Issues remain on Veterans Suicide Hotline
Stories about the VA ineptness and problems make us all furious. But nowhere is that more of an issue than the Veterans Suicide hotline (Veterans Crisis Line). We previously reported that the calls were being forwarded to voicemail, or untrained people who did not have a clue how to handle someone in crisis. A government report issued at the end of 2016 says that the situation did not change, and approximately 30% of the calls to that hotline were being shunted to a backup site.
But from April through November last year, the amount of calls sent to backup centers hovered at about 30 percent, even after a second call center was opened in Atlanta in October, according to a report from the VA inspector general’s office.
Calls sent to some backup centers, which are not run by the VA, are placed in a queue, leading to some veterans waiting for a response or hanging up and trying to call back. The VA doesn’t track how long veterans wait in a queue, the report states.
The findings follow internal emails sent in September by the hotline’s former director, Greg Hughes, that stated 35 to 40 percent of calls were rolling over to backup centers. The reports -– and earlier findings from the inspector general that 23 callers were sent to a voicemail system — prompted a new law requiring the VA to submit improvement plans this year.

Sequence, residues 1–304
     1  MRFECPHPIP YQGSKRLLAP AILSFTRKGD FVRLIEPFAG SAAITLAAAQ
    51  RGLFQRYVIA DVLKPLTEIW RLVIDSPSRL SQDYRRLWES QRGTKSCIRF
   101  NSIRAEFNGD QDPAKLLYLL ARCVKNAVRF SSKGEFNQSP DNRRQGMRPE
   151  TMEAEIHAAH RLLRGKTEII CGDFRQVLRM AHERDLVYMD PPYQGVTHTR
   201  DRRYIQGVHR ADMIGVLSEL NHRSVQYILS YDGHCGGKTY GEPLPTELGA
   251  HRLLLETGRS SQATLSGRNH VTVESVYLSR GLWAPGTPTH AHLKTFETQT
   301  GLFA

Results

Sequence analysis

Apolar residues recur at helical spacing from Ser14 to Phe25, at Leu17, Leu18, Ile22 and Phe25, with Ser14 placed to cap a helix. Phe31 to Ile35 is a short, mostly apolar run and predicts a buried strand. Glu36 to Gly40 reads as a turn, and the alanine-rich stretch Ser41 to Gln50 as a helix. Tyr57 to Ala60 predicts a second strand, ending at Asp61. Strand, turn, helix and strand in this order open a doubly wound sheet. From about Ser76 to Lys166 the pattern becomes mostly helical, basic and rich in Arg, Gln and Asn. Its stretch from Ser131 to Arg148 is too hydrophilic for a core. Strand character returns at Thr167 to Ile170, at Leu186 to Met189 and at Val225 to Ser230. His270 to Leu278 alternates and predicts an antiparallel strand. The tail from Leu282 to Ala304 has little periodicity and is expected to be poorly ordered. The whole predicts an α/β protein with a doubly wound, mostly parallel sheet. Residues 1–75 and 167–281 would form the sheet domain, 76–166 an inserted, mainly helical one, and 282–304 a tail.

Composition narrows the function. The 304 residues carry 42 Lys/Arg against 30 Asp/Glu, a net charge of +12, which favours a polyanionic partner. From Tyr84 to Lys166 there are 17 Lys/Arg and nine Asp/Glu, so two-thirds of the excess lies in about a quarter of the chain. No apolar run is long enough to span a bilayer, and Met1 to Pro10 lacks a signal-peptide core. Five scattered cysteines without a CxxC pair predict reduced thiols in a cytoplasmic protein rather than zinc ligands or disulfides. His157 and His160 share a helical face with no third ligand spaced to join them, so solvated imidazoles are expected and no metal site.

There are excuses, such as untrained personnel, focusing on “business metrics” instead of personal contact, etc. But that’s what they are: excuses, and bad ones at that.
It is INEXCUSABLE that a lifeline created for veterans in serious crisis should have such high numbers of failure. This is the result of bureaucracy unfettered. The system was set up in 2007, and they “estimated” only 10% would end up at the backup centers. They had no clue as to the volume of people in crisis.
“I am disappointed by the lack of action taken by the [VA] to consider the recommendations for improving the shortcomings of the Veterans Crisis Line that were previously identified… more than a year ago.” Sen. Johnny Isakson, R-Ga., chairman of the Senate Veterans’ Affairs Committee
They can track the number of calls, the number of veterans who get followup assistance, but how many have died waiting? They do not track how long a veteran is stuck in the queue, waiting for someone to help them.
“The [hotline] is a critical effort to reduce veteran suicide for those who call in crisis. Therefore, it is imperative that VA take further steps to increase the effectiveness of [its] operations.” Inspector General Michael Missal
THAT, sir, is an understatement.